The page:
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John Abercrombie & Andy LaVerne - Where We Were $12.95


John Abercrombie - Guitar, Andy LaVerne - Piano

Tunes recorded live at the Seelbach:
1. End Of A Love Affair (4:59) Edward C. Redding
2. Soulstice (7:25) Andy LaVerne
3. Where We Were (9:08) John Abercrombie
4. Dream Team (7:20) Andy LaVerne
5. Dream Gypsy (6:36) Veevers
6. Turn Out The Stars (10:52) Bill Evans
7. Quality Of Your Silence (7:21) Andy LaVerne
8. John's Waltz (6:42) John Abercrombie
9. Softly As In A Morning Sunrise (9:02) Sigmund Romberg
Total Time (69:54)

Listen to CD Tracks

    My good friend John Abercrombie is one of the most influential musicians of his generation.  For guitarists, he represents the link between Jim Hall and Pat Metheny/John Scofield/Bill Frisell.  But his influence reaches far beyond guitarists, to all musicians.  I know, because I’m one of the musicians he’s influenced.  Ever since we first met in Boston in the latter half of the 1960’s, I’ve thought of John’s playing as innovative, creative, and cutting edge.  In our very first playing experiences together, John played electric bass as well as guitar, both with a heavy groove.  Our common admiration of the Bill Evans/Jim Hall piano/guitar duo prompted our own experiments with the piano/guitar duo.
    Although my playing was still in a rather formative stage, I can remember clearly that those first duo sessions felt natural and comfortable.  I knew then that this was a setting I wanted to continue playing in.  When John moved to NYC in the early 1970’s, I visited and sat in on some of the early “loft” sessions, where I met people such as Mike and Randy Brecker, Dave Liebman, Marc Copland, Jan Hammer and Richie Beirach.  Hearing and playing with these musicians convinced me to once again follow John’s lead and move back to NYC (my “hometown”).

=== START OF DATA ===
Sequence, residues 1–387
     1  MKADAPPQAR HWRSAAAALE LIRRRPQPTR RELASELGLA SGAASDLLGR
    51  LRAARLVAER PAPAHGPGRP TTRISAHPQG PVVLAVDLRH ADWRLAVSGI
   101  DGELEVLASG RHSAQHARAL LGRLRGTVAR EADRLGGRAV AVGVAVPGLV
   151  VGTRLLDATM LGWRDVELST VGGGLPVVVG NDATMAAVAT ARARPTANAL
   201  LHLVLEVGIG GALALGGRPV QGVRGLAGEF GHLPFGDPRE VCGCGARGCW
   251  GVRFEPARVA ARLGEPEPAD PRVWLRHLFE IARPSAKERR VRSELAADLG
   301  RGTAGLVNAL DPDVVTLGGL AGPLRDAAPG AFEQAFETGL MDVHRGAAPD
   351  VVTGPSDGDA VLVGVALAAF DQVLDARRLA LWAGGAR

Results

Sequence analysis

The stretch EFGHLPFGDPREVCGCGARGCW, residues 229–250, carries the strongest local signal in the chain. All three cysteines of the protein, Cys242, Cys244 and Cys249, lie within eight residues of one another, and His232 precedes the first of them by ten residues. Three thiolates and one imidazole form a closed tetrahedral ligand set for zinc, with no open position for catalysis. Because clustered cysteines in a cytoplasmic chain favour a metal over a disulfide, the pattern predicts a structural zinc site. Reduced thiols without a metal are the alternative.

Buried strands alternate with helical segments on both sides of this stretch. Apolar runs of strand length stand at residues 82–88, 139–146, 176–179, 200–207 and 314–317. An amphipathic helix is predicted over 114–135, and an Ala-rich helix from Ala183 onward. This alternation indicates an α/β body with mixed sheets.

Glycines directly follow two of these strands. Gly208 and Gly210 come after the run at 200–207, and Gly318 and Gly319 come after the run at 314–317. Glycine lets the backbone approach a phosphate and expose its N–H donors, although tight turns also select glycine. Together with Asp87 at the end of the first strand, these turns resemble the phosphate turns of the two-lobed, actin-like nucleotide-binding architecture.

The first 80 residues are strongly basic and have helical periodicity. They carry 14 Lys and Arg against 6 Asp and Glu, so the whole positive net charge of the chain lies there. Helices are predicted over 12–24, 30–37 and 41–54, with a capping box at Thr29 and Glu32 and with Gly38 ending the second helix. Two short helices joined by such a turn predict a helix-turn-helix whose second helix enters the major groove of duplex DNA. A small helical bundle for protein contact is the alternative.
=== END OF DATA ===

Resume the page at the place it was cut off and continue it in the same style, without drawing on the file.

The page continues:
Soon both John and I were out on the road in different bands. When we got back to town, we’d “check in”, and play through some new music together.  Our first duo gig was in 1975 at Sweet Basil, which had recently opened.  In 1978 we did our first recording together, on a project produced by Stan Getz for Columbia, which unfortunately was never released.  Since then, many more gig and recording opportunities followed, and the duo was established as an ongoing venture.

    It’s hard to call two people a band, but I think of this duo as a special kind of band, one which has a deep level of interplay, yet can groove as hard as any with a full rhythm section.  That in no small part is due to John’s ability to play bass lines and comp chords simultaneously, a skill developed from his early electric bass playing days.  As for my comping behind John’s solos, I approach that in several ways.  My main objective is to provide a lush harmonic foundation for John to play over.  I also like to provide a strong bass function, but not as in a walking bass line.  Rather, I use octaves, fifths, and pedal points in the piano’s bass register.  I can also comp as if playing with a full rhythm section, and let the rhythmic momentum of John’s lines propel the ”band”.  I solo in the duo many ways; right hand only single note lines, and with left rooted or rootless voicings, chordal (both “locked hands” and quartal), and freer, i.e. impressionistic full keyboard sweeps and textures.  Basically, the duo provides a platform for me to play anything from solo piano to ensemble functions, with a rhythmic concept ranging from elastic time to outright swing.